Finally, I started looking at the other side, and it turns out I found a pro for every con… Yes, being a single mom is hard, but it is not impossible. Yes, an ideal home is a two parent home, but the love of one good foster parent is better than zero good parents for a hurting child. Lots of parents put their children in day care while they work full time, and their kids are just fine. Saying goodbye? No, goodbyes will probably not be any easier than they were before, but this time I’ll have one thing on my side- I’ve done it before. I will know what to expect, and hopefully I could prepare myself a little better for what’s coming.

And that leaves my independence. I’m 30 years old. I live alone. I am used to doing whatever Sarah wants to do, because I can. I don’t go out much, because I love my little home and I like being in it. I also like to travel, so if I want to plan a vacation? I plan it. If I want to head off to Chicago on the train with a friend for a summer Saturday? We get on the train and go. If I want to cook a huge batch of food at the beginning of the week, and eat the same thing all week long? Well, that’s exactly what I do. If I want to stay up late on Friday night and sleep until noon on Saturday? I have the freedom to do that. I love my life. Sure, there might be things I would change here and there, but nothing major. All in all, I have a pretty perfect life right now. I’m happy. Besides, me? A foster mom? Really? And is this really something God wants me to do, or would I be doing it for me?

But. Here’s the thing. I don’t want to be that girl who becomes so selfish that I don’t see the needs of those around me. So busy doing whatever I want to do that I can’t reach out a loving hand to someone who needs help. So blinded by my own agenda that I can’t see the souls who are crying out for love or a listening ear or just for someone to be there, to see them.

“You may choose to look the other way, but you can never say again that you did not know.” -W. Wilberforce

Eventually, going to school to become a nanny just didn’t feel right for me anymore. Do I really need to do all that just to fulfill my dreams of being in child care again? Sure, it would pay well, but money isn’t everything. Why can’t I make a difference in a child’s life here, now? I had also thought of going somewhere into missions as a nanny or foster mom, but you know what? I can do that right here at home as well. There are plenty of opportunities to reach out if I would just look for them. (And maybe someday a time will come when one of those things is right for me, but right now is not that time.)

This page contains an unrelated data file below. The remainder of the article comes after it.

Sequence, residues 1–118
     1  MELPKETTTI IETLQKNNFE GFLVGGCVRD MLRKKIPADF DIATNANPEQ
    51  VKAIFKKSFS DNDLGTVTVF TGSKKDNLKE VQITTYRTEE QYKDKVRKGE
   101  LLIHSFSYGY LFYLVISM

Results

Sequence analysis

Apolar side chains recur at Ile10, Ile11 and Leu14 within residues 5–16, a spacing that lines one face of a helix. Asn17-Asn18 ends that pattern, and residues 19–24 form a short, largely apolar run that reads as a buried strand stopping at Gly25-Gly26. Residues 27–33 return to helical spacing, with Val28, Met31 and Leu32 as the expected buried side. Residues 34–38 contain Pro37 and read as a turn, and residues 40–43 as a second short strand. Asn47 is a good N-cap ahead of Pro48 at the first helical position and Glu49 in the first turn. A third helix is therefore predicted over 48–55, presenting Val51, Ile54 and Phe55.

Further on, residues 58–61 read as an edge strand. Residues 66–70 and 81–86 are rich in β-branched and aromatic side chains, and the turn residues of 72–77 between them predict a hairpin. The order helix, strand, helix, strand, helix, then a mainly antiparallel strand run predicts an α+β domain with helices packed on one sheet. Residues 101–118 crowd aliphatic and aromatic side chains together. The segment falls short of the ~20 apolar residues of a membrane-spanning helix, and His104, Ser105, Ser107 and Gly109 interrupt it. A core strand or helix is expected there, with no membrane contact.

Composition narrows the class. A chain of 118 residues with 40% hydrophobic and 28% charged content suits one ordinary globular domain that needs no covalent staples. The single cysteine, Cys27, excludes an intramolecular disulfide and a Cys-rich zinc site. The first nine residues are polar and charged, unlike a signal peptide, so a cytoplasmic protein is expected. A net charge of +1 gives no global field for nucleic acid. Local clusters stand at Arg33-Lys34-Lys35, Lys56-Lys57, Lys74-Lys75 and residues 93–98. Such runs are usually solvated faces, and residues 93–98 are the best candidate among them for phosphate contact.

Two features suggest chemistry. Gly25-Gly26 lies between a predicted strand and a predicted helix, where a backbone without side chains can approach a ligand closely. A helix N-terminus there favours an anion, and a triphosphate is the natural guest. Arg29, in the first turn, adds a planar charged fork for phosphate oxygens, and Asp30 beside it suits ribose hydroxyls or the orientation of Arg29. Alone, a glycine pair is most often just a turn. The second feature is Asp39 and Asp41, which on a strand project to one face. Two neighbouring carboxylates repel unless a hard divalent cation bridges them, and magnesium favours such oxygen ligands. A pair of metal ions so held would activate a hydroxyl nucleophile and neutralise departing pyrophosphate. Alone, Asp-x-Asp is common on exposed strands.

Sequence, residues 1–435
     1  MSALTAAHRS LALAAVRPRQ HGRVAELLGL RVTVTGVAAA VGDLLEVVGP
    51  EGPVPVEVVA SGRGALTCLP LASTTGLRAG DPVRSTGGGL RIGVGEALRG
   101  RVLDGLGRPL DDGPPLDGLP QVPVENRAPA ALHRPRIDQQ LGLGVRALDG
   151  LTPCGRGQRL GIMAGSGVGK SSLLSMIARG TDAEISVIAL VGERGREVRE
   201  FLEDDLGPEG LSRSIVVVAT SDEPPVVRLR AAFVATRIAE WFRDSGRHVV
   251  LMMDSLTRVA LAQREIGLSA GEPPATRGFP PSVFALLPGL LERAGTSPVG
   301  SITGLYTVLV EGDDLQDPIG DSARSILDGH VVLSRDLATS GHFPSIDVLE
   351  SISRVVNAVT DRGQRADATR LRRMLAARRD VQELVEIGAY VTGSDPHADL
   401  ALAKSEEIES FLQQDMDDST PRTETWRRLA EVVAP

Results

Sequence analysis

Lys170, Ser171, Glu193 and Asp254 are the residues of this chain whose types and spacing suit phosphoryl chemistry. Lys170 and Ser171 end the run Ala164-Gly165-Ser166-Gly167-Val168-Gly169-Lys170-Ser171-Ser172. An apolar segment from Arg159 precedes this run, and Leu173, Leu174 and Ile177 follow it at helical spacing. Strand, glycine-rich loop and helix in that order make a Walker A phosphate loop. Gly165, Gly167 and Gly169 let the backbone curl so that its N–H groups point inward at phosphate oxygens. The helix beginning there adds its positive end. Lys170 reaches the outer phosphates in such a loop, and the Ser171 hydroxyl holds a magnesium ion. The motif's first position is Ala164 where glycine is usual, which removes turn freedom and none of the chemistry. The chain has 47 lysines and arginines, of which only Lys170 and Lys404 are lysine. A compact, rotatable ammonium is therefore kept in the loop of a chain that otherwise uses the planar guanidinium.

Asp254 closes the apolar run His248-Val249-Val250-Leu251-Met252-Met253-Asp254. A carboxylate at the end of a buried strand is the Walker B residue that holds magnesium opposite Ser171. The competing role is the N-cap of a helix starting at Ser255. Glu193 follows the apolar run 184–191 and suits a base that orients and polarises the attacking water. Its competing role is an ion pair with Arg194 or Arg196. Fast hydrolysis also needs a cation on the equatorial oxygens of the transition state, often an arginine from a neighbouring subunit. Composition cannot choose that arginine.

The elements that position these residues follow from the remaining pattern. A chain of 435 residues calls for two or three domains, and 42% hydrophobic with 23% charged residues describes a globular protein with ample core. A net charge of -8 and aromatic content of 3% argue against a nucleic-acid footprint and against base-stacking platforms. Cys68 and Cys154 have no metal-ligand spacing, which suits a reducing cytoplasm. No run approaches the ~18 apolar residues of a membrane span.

And every time I pushed away the idea of me being capable of this, a few months later it just came back. Finally, I couldn’t ignore it. This was on my mind so often that I knew it wasn’t just me. So I decided to talk to my brother about it. His opinion means so much to me, and I knew he would be honest about what he thought of the idea. He asked questions, helped me in my thinking it through process, and was so supportive I had no idea why it took me so long to get to this point.

From that moment on, there have been nothing but confirmations that this is my purpose. This is what I need to do. I have only just started the process. I don’t even know if I will be approved. But what I do know is that right here, right now, I am exactly where I need to be.

“You were made for the place where your real passion meets compassion, because there lies your real purpose.” -Ann Voskamp

So far I have filled out my first few forms and gone to be fingerprinted. I have my first home visit next Friday, and my first training day in April. Right now everything looks a little overwhelming. The uncertainty of it all. The finding furniture and other kid stuff and getting the house ready if I’m approved. The training and stacks of paperwork I know are still coming my way. But I am going to take it one step at a time, and you know what?

I am not afraid.